Cyprus caught in crossfire of Israeli-Syria conflict as Russian missile lands near capital

A missile struck Cyprus in the early hours of Monday morning, narrowly missing the densely populated capital of Nicosia and crashing on a mountainside. No casualties have been reported. Officials say the missile, believed to be Russian-made S-200, could be a rogue strike whcih saw the missile veering off course after being launched in retaliation to an Israeli airstrike on Syria.

On Sunday, Israel was accused of targeting Syrian military positions in Homs and Damascus – killing at least 15 people, including six civilians, three of them children.

In response, Syria launched their defence system to guard against the incoming Israeli strike, but it appears one of the defence missiles went awry exploding over the holiday island of Cyprus, west of Syria.

Hills were set ablaze from the errant missile, in the first time Cyprus has been caught in the crosshairs of the war in Syria – which could risk dragging the holiday hotspot into the conflict.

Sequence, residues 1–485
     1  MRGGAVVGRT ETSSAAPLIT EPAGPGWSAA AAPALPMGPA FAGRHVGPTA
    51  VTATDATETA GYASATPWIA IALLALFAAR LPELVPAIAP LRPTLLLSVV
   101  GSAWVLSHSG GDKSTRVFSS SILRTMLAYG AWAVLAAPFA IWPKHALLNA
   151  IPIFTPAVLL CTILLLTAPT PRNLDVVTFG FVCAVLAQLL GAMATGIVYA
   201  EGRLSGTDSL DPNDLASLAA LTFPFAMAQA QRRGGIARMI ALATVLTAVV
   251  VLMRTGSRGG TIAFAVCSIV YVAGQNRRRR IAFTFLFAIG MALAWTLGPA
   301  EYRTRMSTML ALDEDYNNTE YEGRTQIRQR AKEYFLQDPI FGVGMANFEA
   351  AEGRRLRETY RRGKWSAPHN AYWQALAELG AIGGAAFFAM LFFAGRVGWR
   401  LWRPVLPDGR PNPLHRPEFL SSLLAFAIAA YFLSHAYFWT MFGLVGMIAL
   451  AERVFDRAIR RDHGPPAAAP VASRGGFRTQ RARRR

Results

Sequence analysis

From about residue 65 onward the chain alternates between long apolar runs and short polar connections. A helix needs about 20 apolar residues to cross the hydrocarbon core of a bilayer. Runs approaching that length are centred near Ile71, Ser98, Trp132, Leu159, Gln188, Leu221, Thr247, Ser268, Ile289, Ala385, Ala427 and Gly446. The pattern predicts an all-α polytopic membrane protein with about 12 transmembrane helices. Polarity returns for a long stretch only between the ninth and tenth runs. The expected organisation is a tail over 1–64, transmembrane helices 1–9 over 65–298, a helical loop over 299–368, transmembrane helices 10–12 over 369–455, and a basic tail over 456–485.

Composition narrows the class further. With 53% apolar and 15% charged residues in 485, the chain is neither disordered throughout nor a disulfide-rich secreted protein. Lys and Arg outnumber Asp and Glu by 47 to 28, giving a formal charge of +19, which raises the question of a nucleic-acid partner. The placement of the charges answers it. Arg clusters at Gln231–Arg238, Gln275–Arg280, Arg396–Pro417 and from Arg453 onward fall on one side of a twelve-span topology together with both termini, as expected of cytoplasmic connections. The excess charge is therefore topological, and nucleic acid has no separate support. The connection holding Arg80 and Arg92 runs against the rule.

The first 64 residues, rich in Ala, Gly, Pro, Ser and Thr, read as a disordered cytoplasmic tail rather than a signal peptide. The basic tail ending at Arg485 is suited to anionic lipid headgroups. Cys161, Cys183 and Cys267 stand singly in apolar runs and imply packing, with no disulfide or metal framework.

The explosion occurred around 1am in the region of Tashkent, some 20kms northeast of the capital, with the impact being heard for miles around.

Speaking of the missile, Turkish Cypriot Foreign Minister Kudret Ozersay said: “The first assessment is that a Russian-made missile… which was part of the air defense system that took place last night in the face of an air strike against Syria, completed its range and fell into our country after it missed.”

He said the explosion was thought to have occurred before impact because there were no craters.

Mr Ozersay added: “The pieces that fell to several different points prove that the missile exploded in the air before it crashed.”

The missile that landed in Cyprus is believed to be one of the defence missiles, used to defend Syria from attack.

Mustafa Akinci, the Turkish Cypriot leader, said investigations were underway by the military to establish where the missile originated.

He said: “It is evident it is not something stemming from our soil … It is one of the bad sides of the war in the region falling into our country.”

The Syrian military uses the Russian-supplied S-200 surface-to-air missile system to down incoming ballistic missiles.

The system uses six missiles, each launched by four solid-fuelled strap-on rocket boosters which have a maximum range of between 150-300km.

The missile travels at up to 3,600kph, using advanced guidance systems, before detonating fragmentation bombs in a spread pattern in an attempt to damage and cripple incoming ballistic missiles.

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